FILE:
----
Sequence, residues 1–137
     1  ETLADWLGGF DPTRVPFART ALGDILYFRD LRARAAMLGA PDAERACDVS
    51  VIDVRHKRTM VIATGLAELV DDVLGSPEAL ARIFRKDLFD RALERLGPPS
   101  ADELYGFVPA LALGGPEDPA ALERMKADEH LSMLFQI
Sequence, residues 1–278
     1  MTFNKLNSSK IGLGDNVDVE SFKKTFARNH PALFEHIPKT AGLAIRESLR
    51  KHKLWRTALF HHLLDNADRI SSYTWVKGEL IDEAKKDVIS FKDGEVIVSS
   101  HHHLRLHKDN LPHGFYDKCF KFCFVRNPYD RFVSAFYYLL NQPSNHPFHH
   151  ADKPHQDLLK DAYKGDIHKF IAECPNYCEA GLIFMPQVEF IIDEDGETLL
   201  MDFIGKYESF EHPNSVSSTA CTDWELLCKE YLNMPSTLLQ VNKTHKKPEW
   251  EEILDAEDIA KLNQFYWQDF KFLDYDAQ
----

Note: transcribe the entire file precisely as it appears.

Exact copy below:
Sequence, residues 1–137
     1  ETLADWLGGF DPTRVPFART ALGDILYFRD LRARAAMLGA PDAERACDVS
    51  VIDVRHKRTM VIATGLAELV DDVLGSPEAL ARIFRKDLFD RALERLGPPS
   101  ADELYGFVPA LALGGPEDPA ALERMKADEH LSMLFQI
Sequence, residues 1–278
     1  MTFNKLNSSK IGLGDNVDVE SFKKTFARNH PALFEHIPKT AGLAIRESLR
    51  KHKLWRTALF HHLLDNADRI SSYTWVKGEL IDEAKKDVIS FKDGEVIVSS
   101  HHHLRLHKDN LPHGFYDKCF KFCFVRNPYD RFVSAFYYLL NQPSNHPFHH
   151  ADKPHQDLLK DAYKGDIHKF IAECPNYCEA GLIFMPQVEF IIDEDGETLL
   201  MDFIGKYESF EHPNSVSSTA CTDWELLCKE YLNMPSTLLQ VNKTHKKPEW
   251  EEILDAEDIA KLNQFYWQDF KFLDYDAQ